Addiction

by Ken Tokuno

Coming of age on a farm in Sacramento was not my choice.
I spent my teen years driving tractors through dust so thick
I would emerge at the end of the day with nostrils clogged
With black grit. I would watch the sorghum seeds we planted rise
Like the soldiers sowed by Jason, knowing I would have
To fight through them all summer, being scalded by the sun. Continue reading

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Derelict Orders

by Donald Carreira Ching

I used to count the cars like the next one would be the last one, but there’s
really no point. There’s always another one abandoned on Dump Road, on the side of the highway near the military base, or at the beach park. If I troll along Kamehameha Highway near the pier, I’ll usually find at least one just before the road curves toward the waterfront homes that look out onto the sandbar, Ahu O Laka. Continue reading

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Another Immigrant Story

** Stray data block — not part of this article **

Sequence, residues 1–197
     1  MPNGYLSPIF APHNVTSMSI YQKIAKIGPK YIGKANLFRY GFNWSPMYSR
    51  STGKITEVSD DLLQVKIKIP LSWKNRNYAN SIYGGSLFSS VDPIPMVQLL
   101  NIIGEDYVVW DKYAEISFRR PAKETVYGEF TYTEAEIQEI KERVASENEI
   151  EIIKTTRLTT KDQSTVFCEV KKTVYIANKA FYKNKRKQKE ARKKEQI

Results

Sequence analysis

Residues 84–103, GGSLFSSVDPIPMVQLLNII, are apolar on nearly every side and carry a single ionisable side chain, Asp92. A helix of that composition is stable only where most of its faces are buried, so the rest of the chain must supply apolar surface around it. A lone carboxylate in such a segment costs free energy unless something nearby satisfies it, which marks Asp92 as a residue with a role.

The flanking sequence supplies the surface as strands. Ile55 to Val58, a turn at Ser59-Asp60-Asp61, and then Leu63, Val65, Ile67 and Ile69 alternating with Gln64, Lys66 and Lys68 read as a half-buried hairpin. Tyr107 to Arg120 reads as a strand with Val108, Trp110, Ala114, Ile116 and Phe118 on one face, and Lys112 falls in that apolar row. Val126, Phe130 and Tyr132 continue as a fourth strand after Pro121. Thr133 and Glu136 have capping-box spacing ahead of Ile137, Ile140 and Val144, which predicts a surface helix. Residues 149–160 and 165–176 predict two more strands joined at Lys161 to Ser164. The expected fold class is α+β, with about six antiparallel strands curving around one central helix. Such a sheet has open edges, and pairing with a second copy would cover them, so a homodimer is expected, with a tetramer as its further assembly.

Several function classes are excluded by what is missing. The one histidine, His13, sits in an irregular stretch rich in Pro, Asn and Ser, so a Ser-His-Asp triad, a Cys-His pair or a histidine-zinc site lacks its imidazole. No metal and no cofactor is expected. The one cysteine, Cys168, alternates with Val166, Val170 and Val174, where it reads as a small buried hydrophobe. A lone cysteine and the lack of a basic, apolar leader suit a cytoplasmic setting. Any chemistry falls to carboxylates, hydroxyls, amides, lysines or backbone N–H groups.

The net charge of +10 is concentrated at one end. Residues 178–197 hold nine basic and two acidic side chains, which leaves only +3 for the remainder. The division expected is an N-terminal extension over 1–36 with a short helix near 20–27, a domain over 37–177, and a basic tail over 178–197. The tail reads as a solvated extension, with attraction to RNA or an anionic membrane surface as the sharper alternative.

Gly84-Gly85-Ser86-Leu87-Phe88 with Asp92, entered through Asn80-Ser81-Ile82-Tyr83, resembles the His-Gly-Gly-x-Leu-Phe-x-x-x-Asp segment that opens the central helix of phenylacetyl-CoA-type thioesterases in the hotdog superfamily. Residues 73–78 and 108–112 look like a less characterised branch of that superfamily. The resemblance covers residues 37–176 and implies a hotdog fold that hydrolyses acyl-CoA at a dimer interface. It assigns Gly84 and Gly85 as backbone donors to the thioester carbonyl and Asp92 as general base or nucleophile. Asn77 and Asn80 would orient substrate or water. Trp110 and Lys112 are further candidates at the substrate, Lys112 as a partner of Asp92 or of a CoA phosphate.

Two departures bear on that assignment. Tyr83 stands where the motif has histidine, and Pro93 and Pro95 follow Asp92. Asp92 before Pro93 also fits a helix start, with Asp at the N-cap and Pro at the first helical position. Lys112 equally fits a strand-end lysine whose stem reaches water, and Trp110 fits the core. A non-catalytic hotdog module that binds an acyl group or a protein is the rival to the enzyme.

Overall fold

by Holly Karapetkova

In the 1980s you were a movie star in a small Eastern European country. You played a prince, an attendant lord, and other roles of note. We watch them on YouTube. “That’s me,” you say, though it really isn’t—not anymore. You have to point yourself out because none of us can recognize you, the muted color of 30 years passing. On screen you watch the war escalate. Continue reading

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Dick Fleming Is Lost

by Jeff Ewing

George wasn’t friends, exactly, with Dick Fleming. He knew him well enough to nod to in the halls and, later, at the meeting house. He thought Kip might remember him, might even have kept in touch, but all he said was “sort of a washout, wasn’t he?” Which bothered George more than he would have imagined. It wasn’t a fitting way for anyone to be remembered. Continue reading

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Kahahiaka

by M.G. Martin

I telling
All the tings you going see
Waking under hala trees
Last night’s ants finshing
Up an ʻōpala feast

The Kīpahulu sea beyond the ʻaʻā
One conflation of liquid blue cotton
Candy and da sparkle kine Colgate
From small kid time Continue reading

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